Osborne’s “progressive” façade

Talk of a “fair and progressive” Budget disguises how cuts will hit the poorest hardest.

The coalition is determined to present today's Budget as "fair and progressive", with tax rises for the richest and tax cuts for the poorest. But does the rhetoric match the reality?

On tax, George Osborne will point to the plan (first mooted by the Lib Dems) to raise the personal tax allowance by £1,000 to £7,475, a move that will take 850,000 of the lowest-paid out of income tax altogether.

But this measure isn't as progressive as it initially appears. For a start, those individuals too poor to pay tax in the first place will gain nothing from the move. In 2009-2010, only 62 per cent of the adult population earned enough to pay income tax. Should the measure be combined with a rise in regressive VAT, the overall effect may be far from progressive.

But it's only once we take account of the likely spending cuts that any claim this Budget will be "progressive" falls apart. The coalition's decision to rely on spending cuts, rather than tax rises, to plug the deficit will have disastrous consequences for the poor.

With spending in non-ring-fenced departments poised to fall by up to 25 per cent, it is the poorest who will be hardest hit. As I noted yesterday, an analysis by the Financial Times showed that cuts would hit large parts of the north twice as hard as the south.

Today's FT contains a succinct explanation:

Spending cuts of such a scale could not be presented as "progressive" because public spending is concentrated in poorer areas and poorer families, suggesting that the Budget will have a sting in the tail.

Will Osborne, a better politician than he is an economist, have the chutzpah to claim that his cuts are "progressive"? If he does, Labour will be presented with an open goal.

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George Eaton is political editor of the New Statesman.

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The 5 things the Tories aren't telling you about their manifesto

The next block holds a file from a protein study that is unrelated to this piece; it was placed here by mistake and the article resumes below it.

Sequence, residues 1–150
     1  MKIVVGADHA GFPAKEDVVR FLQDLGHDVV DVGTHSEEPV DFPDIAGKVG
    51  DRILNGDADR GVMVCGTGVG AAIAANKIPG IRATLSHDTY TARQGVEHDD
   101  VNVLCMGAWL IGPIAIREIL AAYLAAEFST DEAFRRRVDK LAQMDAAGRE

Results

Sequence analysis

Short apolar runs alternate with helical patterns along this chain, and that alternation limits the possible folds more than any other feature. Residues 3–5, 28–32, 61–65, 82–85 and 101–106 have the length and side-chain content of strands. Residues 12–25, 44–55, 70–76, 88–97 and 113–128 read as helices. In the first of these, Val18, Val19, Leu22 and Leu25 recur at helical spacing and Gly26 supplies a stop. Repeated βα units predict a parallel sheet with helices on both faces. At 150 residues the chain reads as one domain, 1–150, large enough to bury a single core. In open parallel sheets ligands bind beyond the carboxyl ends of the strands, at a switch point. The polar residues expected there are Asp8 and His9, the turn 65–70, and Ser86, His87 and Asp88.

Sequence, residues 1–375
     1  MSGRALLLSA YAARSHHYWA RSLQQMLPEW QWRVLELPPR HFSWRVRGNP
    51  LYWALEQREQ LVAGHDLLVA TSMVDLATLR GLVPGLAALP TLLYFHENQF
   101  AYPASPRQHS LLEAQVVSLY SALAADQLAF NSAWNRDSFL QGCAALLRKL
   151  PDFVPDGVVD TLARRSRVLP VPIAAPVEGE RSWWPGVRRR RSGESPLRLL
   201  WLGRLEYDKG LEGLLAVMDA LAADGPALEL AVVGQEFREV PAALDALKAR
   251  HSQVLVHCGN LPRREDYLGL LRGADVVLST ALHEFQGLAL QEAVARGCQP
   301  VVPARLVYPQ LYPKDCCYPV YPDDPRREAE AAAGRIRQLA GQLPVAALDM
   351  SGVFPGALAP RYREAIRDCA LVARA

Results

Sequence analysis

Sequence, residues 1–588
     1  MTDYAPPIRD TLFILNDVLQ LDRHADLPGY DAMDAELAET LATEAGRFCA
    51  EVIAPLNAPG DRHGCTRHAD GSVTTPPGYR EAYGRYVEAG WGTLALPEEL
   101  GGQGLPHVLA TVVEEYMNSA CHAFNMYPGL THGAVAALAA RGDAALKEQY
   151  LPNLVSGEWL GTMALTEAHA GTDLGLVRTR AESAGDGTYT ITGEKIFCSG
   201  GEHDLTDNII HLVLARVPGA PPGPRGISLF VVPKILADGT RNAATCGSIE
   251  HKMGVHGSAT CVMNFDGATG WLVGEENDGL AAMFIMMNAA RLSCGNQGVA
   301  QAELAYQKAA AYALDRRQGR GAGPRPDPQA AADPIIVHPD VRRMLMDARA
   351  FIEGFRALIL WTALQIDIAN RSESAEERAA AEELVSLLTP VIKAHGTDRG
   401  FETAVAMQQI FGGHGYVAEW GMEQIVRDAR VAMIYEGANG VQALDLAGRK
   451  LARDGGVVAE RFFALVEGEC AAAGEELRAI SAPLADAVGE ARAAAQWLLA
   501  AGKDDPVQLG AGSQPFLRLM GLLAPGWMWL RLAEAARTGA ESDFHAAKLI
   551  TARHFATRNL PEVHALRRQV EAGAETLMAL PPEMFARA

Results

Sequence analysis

Turns out the NHS is something you really have to pay for after all. 

When Theresa May launched the Conservative 2017 manifesto, she borrowed the most popular policies from across the political spectrum. Some anti-immigrant rhetoric? Some strong action on rip-off energy firms? The message is clear - you can have it all if you vote Tory.

But can you? The respected thinktank the Institute for Fiscal Studies has now been through the manifesto with a fine tooth comb, and it turns out there are some things the Tory manifesto just doesn't mention...

1. How budgeting works

They say: "a balanced budget by the middle of the next decade"

What they don't say: The Conservatives don't talk very much about new taxes or spending commitments in the manifesto. But the IFS argues that balancing the budget "would likely require more spending cuts or tax rises even beyond the end of the next parliament."

2. How this isn't the end of austerity

They say: "We will always be guided by what matters to the ordinary, working families of this nation."

What they don't say: The manifesto does not backtrack on existing planned cuts to working-age welfare benefits. According to the IFS, these cuts will "reduce the incomes of the lowest income working age households significantly – and by more than the cuts seen since 2010".

3. Why some policies don't make a difference

They say: "The Triple Lock has worked: it is now time to set pensions on an even course."

What they don't say: The argument behind scrapping the "triple lock" on pensions is that it provides an unneccessarily generous subsidy to pensioners (including superbly wealthy ones) at the expense of the taxpayer.

However, the IFS found that the Conservatives' proposed solution - a "double lock" which rises with earnings or inflation - will cost the taxpayer just as much over the coming Parliament. After all, Brexit has caused a drop in the value of sterling, which is now causing price inflation...

4. That healthcare can't be done cheap

They say: "The next Conservative government will give the NHS the resources it needs."

What they don't say: The £8bn more promised for the NHS over the next five years is a continuation of underinvestment in the NHS. The IFS says: "Conservative plans for NHS spending look very tight indeed and may well be undeliverable."

5. Cutting immigration costs us

They say: "We will therefore establish an immigration policy that allows us to reduce and control the number of people who come to Britain from the European Union, while still allowing us to attract the skilled workers our economy needs." 

What they don't say: The Office for Budget Responsibility has already calculated that lower immigration as a result of the Brexit vote could reduce tax revenues by £6bn a year in four years' time. The IFS calculates that getting net immigration down to the tens of thousands, as the Tories pledge, could double that loss.

Julia Rampen is the digital news editor of the New Statesman (previously editor of The Staggers, The New Statesman's online rolling politics blog). She has also been deputy editor at Mirror Money Online and has worked as a financial journalist for several trade magazines. 

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